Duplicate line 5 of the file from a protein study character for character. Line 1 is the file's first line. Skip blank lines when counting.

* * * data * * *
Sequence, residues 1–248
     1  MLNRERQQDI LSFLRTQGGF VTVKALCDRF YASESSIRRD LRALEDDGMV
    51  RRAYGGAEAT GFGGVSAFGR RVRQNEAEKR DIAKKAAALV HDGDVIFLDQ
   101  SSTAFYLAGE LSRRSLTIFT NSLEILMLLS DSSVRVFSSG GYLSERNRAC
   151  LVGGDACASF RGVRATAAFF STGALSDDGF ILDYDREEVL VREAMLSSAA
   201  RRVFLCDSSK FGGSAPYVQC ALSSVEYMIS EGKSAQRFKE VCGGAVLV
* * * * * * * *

   151  LVGGDACASF RGVRATAAFF STGALSDDGF ILDYDREEVL VREAMLSSAA